Gravediggers dig new graves at the Vila Formosa public cemetery to bury the growing number of Covid-19 victims


© Reuters / Amanda Perobelli


In May 2020, South America became the new epicentre of the Covid-19 pandemic, with Brazil on the brink of a health and humanitarian catastrophe. Already ravaged by extreme poverty and torn by social and economic inequalities, the country experienced an exponential growth in cases of infection, with hospitals collapsing and large urban agglomerations in critical conditions.
The images of the endless rows of graves dug in the reddish earth of the Vila Formosa cemetery in São Paulo have travelled around the world. In all likelihood, the real number of victims is vastly underestimated by official figures – a discrepancy largely due to the low number of tests performed and their delay. Faced with a crisis that now has the semblance of a massacre and having played down the effects of the pandemic from the outset, describing it as “fantasy” and then as “a minor flu”, Jair Bolsonaro has fiercely opposed the containment measures taken by Brazil’s governors, taking to the streets (and encouraging gatherings) to urge his people not to stop the country’s production machine. Criminal conduct incompatible with every possible scientific instance, in defiance of international guidelines and sowing disinformation and confusion.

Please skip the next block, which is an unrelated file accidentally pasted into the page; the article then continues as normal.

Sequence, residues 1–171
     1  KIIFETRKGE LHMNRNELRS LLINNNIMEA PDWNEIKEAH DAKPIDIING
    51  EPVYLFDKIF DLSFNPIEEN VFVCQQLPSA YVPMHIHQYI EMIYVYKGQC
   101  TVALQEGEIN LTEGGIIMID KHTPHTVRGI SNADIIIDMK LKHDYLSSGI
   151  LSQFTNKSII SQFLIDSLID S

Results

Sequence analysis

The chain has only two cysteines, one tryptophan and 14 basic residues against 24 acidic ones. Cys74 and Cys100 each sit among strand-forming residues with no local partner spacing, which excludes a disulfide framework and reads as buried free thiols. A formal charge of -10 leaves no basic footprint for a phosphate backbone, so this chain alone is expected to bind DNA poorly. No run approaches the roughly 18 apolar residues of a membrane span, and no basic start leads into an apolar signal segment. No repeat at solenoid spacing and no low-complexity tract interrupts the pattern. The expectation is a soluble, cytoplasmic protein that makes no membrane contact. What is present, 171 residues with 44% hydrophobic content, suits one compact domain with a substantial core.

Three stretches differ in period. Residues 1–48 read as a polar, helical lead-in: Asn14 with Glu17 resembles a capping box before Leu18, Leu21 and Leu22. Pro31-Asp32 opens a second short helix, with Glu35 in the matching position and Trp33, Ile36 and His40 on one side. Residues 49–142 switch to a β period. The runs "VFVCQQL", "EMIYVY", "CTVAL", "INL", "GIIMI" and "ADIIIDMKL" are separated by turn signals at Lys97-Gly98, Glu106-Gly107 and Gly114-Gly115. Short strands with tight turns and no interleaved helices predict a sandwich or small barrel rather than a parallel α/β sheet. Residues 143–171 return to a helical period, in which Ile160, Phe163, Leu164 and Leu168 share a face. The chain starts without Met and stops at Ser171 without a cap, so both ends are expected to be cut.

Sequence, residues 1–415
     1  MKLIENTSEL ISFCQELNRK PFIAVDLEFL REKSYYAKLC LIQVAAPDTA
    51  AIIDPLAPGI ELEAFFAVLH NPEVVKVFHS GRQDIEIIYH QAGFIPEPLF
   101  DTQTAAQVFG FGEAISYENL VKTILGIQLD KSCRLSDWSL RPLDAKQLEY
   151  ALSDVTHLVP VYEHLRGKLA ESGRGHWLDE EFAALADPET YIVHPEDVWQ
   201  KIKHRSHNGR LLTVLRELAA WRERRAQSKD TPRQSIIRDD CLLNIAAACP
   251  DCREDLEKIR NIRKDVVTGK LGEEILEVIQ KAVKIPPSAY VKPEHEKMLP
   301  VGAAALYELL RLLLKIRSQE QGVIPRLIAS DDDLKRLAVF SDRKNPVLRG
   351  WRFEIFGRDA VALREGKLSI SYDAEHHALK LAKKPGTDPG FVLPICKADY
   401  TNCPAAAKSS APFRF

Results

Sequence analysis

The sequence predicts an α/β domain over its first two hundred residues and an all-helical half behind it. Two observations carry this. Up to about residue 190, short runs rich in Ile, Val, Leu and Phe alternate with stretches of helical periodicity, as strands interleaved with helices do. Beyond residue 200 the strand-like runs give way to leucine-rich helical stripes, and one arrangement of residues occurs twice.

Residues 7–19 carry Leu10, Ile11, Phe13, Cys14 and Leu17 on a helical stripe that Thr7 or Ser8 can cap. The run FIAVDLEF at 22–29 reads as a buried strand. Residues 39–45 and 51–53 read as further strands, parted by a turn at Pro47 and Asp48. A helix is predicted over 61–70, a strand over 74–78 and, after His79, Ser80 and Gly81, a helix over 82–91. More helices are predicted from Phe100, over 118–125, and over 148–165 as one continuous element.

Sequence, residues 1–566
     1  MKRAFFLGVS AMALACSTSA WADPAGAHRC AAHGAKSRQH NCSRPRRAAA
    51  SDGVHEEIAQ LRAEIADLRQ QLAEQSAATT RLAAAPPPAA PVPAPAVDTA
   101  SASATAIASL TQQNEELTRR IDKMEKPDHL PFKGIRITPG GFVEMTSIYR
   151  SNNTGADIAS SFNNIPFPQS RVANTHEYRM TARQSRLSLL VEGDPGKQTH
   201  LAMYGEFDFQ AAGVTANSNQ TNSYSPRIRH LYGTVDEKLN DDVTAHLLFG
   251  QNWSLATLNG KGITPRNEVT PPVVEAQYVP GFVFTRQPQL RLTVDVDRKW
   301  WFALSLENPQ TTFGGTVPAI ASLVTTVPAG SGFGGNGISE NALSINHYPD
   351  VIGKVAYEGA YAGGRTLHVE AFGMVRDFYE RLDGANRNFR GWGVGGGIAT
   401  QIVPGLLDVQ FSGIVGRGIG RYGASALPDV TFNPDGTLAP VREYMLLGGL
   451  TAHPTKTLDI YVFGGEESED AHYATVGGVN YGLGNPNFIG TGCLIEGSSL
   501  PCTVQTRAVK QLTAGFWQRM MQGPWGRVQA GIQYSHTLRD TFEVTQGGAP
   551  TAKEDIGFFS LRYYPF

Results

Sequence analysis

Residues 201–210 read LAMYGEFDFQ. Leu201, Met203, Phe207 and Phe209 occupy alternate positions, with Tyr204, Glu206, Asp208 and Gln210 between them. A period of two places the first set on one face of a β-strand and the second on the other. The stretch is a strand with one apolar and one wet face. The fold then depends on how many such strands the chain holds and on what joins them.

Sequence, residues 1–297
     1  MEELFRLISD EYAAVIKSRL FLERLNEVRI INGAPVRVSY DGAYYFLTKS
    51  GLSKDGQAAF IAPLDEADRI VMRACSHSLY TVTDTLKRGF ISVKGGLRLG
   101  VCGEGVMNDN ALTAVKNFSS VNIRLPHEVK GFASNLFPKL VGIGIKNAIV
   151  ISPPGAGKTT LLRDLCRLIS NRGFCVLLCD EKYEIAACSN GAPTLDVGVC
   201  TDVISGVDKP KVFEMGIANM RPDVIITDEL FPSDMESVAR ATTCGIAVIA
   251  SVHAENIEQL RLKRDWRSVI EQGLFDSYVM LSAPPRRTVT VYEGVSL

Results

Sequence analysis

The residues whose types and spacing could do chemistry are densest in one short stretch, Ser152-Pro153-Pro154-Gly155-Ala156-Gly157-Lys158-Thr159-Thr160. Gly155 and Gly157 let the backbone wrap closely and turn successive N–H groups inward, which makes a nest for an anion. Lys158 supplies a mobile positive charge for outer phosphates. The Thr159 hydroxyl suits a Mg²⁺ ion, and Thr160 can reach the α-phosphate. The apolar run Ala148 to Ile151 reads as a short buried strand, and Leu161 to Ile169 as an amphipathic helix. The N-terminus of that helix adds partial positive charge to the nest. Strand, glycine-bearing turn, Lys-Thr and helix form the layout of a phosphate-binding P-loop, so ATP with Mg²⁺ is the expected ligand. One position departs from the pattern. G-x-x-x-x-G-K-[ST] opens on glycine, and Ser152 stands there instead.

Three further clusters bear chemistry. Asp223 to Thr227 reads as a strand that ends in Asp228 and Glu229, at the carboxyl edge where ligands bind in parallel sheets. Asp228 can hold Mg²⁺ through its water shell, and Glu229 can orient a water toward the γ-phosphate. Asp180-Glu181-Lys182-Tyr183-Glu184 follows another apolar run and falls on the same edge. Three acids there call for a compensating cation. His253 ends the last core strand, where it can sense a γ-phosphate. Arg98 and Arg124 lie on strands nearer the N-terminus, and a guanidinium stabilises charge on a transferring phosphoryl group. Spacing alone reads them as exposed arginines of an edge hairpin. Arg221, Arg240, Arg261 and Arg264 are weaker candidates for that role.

Meanwhile, conditions in the Amazon basin are ripe for another perfect storm of vulnerability. There is a real risk that black pages of history will be repeated. The contagion has penetrated Brazil’s indigenous tribes and risks bringing to their knees already fragile and unprotected communities, many of which lack basic sanitation and live miles away from the nearest hospital. Among the main vectors spreading Covid-19 are the thousands of illegal loggers and miners who enter and leave the territory, with the backing of the government’s infamous policies.

Andra Meneganzin